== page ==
Recently, I wrote about the “3 E’s of Building a Great School Culture,” and they were as follows:
The Environment is about the space(s) around us and the “stuff” that is needed to serve students learners.
The Experience is about what we design for learning and what we empower others to create for themselves.
The Energy is what we bring in ourselves to our schools and what others help unleash in others.
Although I see all three as being of great importance, I have been focusing a lot on the “Energy” as of late. Not only for myself but also for being a part of school openings all around North America. I have been blown away by the enthusiasm and passion in so many school districts that I have had the pleasure to be around, and I have thought about how this is maintained throughout the year. Although “energy” is something that as individuals we should do our best to fill, we also have an impact on those around us as well.
Here are three things that I have picked up over the course of my travels this summer:
Take your work seriously, but don’t take yourself too seriously.
I had the pleasure to connect with Superintendent David Faltys this summer, and his team of staff is incredible. I was literally crying because my heart was beating so fast feeling the passion from his district. It was incredible.
One thing that I noticed was that although he takes serving his staff very seriously, he doesn’t take himself too seriously. His easy-going way and sense of humor, especially at his own expense, make the atmosphere extremely light and fun.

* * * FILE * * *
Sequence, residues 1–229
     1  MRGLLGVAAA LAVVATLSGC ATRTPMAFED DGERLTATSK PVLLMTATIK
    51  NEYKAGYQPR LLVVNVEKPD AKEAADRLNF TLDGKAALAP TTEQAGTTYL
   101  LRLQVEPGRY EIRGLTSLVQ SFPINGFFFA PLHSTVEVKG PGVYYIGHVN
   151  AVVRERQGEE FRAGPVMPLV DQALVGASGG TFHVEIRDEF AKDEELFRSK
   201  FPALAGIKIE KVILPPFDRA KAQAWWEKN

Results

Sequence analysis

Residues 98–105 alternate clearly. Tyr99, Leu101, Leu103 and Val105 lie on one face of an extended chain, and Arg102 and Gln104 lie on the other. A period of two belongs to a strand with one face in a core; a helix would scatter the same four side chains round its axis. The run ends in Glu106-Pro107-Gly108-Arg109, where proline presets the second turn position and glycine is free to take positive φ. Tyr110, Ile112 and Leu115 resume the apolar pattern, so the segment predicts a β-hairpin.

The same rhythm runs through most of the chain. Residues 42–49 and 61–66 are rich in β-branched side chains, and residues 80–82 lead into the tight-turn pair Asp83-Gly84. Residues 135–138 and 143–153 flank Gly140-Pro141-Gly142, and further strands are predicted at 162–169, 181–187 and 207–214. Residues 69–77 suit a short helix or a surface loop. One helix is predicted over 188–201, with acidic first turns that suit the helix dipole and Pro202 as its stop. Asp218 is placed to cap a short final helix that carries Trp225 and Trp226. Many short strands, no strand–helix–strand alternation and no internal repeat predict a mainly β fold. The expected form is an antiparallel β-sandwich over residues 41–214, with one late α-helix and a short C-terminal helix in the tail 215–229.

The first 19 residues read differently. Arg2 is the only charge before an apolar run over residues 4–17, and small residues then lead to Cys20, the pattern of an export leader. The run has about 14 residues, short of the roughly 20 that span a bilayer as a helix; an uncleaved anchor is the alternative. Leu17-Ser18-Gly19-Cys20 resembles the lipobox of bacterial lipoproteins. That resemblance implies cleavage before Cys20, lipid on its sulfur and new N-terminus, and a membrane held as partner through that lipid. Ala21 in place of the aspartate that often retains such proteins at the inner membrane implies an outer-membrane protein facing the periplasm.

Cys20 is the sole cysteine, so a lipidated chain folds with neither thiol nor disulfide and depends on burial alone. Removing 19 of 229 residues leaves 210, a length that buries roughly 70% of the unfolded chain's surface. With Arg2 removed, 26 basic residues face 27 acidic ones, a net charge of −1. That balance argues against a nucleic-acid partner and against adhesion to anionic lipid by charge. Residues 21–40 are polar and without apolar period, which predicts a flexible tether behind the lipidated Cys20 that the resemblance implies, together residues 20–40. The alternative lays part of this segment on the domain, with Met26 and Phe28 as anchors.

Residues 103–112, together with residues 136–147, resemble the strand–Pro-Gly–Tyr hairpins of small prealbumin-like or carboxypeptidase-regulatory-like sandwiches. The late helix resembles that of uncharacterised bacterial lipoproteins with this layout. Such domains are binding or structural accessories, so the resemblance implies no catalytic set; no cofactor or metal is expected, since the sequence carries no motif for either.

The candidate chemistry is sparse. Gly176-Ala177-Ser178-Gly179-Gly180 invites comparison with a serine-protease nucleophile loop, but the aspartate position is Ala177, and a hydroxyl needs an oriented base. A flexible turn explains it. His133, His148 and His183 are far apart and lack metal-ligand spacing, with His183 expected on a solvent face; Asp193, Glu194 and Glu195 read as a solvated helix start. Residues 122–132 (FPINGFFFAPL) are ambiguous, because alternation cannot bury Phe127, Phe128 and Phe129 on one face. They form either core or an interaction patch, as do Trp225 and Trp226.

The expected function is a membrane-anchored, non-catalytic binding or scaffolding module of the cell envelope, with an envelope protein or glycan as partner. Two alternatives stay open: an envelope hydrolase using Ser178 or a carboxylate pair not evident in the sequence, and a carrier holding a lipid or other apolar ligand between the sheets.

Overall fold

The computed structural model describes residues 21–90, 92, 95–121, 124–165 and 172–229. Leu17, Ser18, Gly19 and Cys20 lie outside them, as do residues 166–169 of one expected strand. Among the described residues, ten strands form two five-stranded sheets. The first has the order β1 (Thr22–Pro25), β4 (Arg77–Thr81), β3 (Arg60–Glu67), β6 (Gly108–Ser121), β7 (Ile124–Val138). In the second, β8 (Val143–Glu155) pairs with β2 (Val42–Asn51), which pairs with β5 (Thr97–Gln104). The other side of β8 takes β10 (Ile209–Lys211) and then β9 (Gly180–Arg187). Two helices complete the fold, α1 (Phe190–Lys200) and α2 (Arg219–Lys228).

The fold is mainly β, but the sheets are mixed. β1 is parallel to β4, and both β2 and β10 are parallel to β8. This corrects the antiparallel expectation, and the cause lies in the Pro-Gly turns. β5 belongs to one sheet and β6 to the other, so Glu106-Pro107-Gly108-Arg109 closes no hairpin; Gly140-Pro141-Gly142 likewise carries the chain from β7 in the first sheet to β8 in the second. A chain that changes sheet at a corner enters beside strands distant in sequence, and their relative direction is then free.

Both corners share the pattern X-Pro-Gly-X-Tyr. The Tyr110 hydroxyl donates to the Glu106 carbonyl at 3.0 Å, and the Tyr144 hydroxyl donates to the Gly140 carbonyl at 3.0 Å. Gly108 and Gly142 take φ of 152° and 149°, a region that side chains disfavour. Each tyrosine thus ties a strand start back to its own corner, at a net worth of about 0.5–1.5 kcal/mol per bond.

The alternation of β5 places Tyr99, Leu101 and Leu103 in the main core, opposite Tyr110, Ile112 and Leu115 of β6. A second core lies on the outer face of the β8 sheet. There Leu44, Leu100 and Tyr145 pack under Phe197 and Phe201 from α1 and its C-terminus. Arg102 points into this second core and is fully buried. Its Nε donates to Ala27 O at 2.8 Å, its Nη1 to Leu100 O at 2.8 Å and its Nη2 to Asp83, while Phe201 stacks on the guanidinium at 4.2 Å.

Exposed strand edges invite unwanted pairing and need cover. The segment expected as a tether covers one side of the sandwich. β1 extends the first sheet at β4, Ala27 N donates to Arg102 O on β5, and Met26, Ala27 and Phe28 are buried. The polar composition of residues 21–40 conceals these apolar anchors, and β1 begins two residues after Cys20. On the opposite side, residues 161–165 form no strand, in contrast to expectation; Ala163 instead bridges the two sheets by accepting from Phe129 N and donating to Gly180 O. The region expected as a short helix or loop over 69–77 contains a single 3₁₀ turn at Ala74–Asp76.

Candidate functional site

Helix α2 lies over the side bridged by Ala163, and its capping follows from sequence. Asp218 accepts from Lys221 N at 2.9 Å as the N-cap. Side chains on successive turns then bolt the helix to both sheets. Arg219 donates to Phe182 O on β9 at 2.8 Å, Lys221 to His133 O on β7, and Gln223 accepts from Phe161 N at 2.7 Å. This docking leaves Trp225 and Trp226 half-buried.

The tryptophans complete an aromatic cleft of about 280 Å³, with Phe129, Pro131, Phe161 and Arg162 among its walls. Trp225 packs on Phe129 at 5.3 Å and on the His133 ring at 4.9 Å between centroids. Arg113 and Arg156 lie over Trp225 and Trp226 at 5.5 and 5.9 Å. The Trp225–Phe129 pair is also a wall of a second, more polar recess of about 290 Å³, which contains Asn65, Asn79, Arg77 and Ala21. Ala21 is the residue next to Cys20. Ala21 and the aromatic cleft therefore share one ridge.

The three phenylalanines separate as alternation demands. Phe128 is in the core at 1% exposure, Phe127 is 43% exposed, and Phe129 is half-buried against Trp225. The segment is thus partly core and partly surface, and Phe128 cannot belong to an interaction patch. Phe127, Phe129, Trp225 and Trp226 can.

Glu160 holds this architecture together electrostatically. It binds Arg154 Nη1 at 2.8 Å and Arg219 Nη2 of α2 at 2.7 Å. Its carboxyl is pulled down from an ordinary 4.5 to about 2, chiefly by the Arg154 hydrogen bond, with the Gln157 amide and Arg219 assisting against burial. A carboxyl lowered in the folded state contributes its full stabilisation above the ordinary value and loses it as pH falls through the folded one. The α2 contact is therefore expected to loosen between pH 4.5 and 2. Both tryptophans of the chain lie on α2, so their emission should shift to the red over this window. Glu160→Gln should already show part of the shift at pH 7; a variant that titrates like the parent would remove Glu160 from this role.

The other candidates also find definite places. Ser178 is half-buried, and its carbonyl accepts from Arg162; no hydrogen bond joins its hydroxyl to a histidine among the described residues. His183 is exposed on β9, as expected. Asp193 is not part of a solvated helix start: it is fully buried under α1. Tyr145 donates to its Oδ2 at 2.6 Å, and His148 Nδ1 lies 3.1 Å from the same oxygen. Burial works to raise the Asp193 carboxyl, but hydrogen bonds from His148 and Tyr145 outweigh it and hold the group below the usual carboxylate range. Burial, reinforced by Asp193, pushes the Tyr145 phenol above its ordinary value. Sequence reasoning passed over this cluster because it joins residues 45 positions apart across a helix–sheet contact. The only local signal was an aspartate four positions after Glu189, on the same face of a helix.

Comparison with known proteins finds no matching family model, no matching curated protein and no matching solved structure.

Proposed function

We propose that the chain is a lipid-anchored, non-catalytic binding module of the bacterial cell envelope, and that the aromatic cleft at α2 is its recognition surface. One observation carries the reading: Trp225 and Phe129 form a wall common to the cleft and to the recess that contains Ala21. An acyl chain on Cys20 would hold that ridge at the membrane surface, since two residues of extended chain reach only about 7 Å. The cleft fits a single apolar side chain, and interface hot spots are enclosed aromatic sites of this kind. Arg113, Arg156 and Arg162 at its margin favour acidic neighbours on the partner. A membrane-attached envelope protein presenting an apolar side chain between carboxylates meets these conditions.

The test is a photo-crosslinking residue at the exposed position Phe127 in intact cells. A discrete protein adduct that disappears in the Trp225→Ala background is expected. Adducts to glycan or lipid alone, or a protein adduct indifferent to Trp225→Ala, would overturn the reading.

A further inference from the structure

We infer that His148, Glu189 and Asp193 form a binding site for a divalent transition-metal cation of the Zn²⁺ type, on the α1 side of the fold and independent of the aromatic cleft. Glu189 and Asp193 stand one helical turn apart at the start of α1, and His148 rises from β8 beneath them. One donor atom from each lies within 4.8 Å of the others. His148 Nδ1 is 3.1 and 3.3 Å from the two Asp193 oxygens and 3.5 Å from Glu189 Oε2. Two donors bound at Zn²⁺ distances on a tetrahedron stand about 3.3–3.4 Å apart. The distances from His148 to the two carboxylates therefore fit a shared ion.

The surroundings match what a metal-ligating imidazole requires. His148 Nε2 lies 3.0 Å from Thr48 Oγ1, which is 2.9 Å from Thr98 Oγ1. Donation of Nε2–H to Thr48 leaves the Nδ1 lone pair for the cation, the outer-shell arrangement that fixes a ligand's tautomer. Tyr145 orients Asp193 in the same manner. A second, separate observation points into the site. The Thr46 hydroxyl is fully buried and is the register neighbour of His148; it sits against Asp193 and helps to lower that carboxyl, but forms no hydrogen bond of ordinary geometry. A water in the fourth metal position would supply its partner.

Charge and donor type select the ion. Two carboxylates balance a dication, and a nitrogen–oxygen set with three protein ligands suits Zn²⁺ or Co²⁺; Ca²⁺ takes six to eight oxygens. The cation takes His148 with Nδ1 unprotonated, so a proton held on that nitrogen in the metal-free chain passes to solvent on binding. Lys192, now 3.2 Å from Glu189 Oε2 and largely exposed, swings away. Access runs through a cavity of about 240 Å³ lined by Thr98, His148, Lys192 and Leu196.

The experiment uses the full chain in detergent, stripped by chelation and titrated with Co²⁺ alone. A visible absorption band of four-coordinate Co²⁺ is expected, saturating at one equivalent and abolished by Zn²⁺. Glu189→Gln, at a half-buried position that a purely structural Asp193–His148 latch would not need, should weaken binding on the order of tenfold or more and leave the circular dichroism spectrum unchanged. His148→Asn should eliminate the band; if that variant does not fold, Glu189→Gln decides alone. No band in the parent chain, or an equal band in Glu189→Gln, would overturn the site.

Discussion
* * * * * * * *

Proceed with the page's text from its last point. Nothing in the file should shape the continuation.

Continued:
Education is an emotionally taxing profession, and if we are serious all of the time, burnout can become more likely. I saw this image recently, and it was a powerful reminder:
The most influential leader in my career would always say the following to me after a hard day; “If you don’t laugh, you will cry.” She would continuously give me the reminder that a positive and fun attitude was just as contagious as the opposite, so it was always up to me to choose what I hoped other people would catch.
Show appreciation to people every time it comes to your mind.
Whether it is a colleague, our boss, a student, a parent, we often hold in our good thoughts and let loose with the bad ones. I always make this joke about how hard the IT department has it because they never hear the comments, “Hey! The Internet worked all day today! Thanks!” I guarantee they are exposed to the opposite sentiment ALL THE TIME!
It takes very little energy to say something nice, but it sure can suck the energy out of people when all they hear is the opposite. Saying something kind is always free but can have more of an impact on people than you will ever know.
Always err on the side of the positive.
Always remember why you do what you do.
There is a significant difference when I see presentations that feature media and the voice of students. As well, on professional learning days, having students be a part of the day and/or sharing their gifts with educators, always seems to lift the enthusiasm of the room.
A simple thing I used to do as principal when I was bogged down with paperwork or email was to simply go into classrooms to see students. It reminded me why I did the “boring work” that needed to be done.
Remember why you do what you do.
Although this post is on how we can lift the energy of others, understand that we often lift ourselves in the process. Energy, enthusiasm, and passion are contagious and what we do to grow that in others will most likely help it to develop in ourselves.
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